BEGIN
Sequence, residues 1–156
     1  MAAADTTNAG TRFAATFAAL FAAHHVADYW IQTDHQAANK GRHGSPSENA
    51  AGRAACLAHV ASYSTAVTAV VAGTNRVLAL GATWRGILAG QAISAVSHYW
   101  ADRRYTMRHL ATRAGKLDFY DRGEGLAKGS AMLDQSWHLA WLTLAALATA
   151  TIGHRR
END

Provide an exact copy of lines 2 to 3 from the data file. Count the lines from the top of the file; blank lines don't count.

     1  MAAADTTNAG TRFAATFAAL FAAHHVADYW IQTDHQAANK GRHGSPSENA
    51  AGRAACLAHV ASYSTAVTAV VAGTNRVLAL GATWRGILAG QAISAVSHYW